of a July afternoon
sliding down a vague conversation
-- "I Can't Stay Long"

There are many wonderful tracks, from the stately "Maximum Acceleration" to "Quiet Men", made in the mold of "The Man Who Dies Everyday" and soon to be mined for everything it was worth on the first post-Foxx album Vienna.

I'm not sure who has the patience for this sort of cool ennui in this day and age. Maybe those who go to the Tate Modern and come out in love with Albers and Moholy-Nagy. But unlike the student following those masters of the plastic arts created, this album stands alone as a direction not taken, a masterpiece which created its own sort of dead end. It disappeared through some dimensional crack into a vine-enshrouded church and never reappeared. 2

Completing the Scene


Pondering the imminent re-issues I will here list the non-album tracks that could be included to form a complete collection.

The debut album was followed by the single "Young Savage", a live version of "Slip Away" on the b-side. That's only two extra tracks for the re-issue of Ultravox! unless we are lucky and see additional songs released from the vaults.

On the other hand there are many possibilities for Ha! Ha! Ha! These start with "Quirks" and "Modern Love" from the single that came with early copies of the vinyl album. There's a different version of "Hiroshima Mon Amour" from the b-side of the "ROckwrok" single and four live tracks from the Retro EP: "The Wild, the Beautiful and the Damned", "My Sex", "The Man Who Dies Every Day", and "Young Savage". Since these are from different gigs I predict a couple will find their way to the first CD to even things up a bit.

This leaves but two tracks for Systems of Romance, the 12" single version of "Quiet Men" and its b-side "Cross Fade", which has already appeared on Japanese versions of the CD and at least one compilation.

There is less chance that the Peel Session from 21 November 1977 ("My Sex", "Artificial Life", "Young Savage) will be included. But that would make the collection complete. 3

1 Typographically the "!" was dropped for this incarnation of the band, though thematically it is still there.

2 Though John Foxx tried with his album The Garden, even drafting in Robin Simon and titling a track "Systems of Romance". Mention must also be made of Urban Verbs, who captured some of the same unsettled sound and in a notable homage titled a track "Acceleration".

3 Thanks to Chris Keep for notifying me of the re-issues.

RELATED POSTS

3 comments:

Anonymous said...

This is a wonderful appreciation of the achievements of the John Foxx era Ultravox (!). It should be required supplementary reading for anyone whose sense of post-punk is largely dependent on Simon Reynolds' _Rip It Up And Start Again_. While Reynolds has considerable insight into those bands he clearly likes (PiL, Scritti Politti, The Associates), the synth-oriented bands tend to fare less well. Your review rightly notes the band's anomolous place in the musical landscape of the period, stranded somehwere between early Roxy Music and Punk rock, but evolving into a thing of great beauty by the time of Systems of Romance. It is perhaps the articulacy of the band, not only that of Foxx's lyrics, but of their instrumental colourings, that set them apart from much else that was going on at the time (and even more so now).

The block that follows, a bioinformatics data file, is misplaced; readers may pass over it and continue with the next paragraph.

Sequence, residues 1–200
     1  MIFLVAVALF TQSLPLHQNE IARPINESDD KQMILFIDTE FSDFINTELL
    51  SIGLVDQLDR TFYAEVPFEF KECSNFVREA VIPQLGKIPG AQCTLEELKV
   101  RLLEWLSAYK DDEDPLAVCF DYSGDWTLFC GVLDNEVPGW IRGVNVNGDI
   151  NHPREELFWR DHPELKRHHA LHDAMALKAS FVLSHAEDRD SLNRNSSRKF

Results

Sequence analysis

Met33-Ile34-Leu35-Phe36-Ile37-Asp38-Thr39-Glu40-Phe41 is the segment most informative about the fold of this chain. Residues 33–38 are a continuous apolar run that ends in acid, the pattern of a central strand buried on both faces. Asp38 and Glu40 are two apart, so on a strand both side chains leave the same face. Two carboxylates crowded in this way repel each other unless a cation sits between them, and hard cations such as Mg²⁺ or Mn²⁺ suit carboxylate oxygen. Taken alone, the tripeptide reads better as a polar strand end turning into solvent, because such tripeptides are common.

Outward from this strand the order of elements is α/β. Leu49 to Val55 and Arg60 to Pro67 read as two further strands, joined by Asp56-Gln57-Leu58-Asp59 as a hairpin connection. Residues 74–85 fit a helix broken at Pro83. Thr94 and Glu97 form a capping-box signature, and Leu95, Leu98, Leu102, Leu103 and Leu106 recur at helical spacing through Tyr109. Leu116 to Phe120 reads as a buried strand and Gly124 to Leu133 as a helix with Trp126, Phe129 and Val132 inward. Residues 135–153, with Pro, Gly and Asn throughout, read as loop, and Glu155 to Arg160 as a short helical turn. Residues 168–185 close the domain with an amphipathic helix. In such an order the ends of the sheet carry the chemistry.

As an addendum, I would point readers toward the YouTube web site, where one can gain a sense of the band's presence live. There are several clips from 1976 featuring three songs that were never, to the best of my knowledge, recorded. Of greater interest, however, are those from the Ha! Ha! Ha! and Systems of Romance period. The clip of "The Frozen Ones" is mesmerizing, while those from the 1978 Reading Festival show just how difficult it was to reproduce those Conny Plank-produced tracks live--the version of "Quiet Men" is only marginally better than that of Quietus 2!

Here's the link:

http://www.youtube.com/

Chris

Anonymous said...

Hi Robin,

Just to update your posting on the remastering of the Ultravox(!) albums, here are the additional tracks for each of the titles (courtesy the Metamatic website):

Ultravox!

Slip Away (recorded live at The Rainbow)

Modern Love (recorded live at The Rainbow)

The Wild, the Beautiful and the Damned (recorded live at The Rainbow)

My Sex (recorded live at Huddersfield Polytechnic)

Ha! Ha! Ha!

Young Savage

The Man Who Dies Every Day (remix)

Hiroshima Mon Amour (alternative version)

Quirks

The Man Who Dies Every Day (recorded live at Huddersfield Polytechnic)

Young Savage (recorded live at The Marquee)

Systems of Romance

Cross Fade

Quiet Men (full version)

Foxx himself, btw, has a new album of instrumentals due out in June, which is described as in the vein of "Glimmer, Film One, and Mr. No." It will be called, _Tiny Colour Movies_.

Cheers,

Chris

robin said...

So, I pretty well had it nailed, except they reserved "Young Savage" for "Ha! Ha! Ha!" and found a remix of "The Man Who Dies Every Day" somewhere. Can't wait!

Post a comment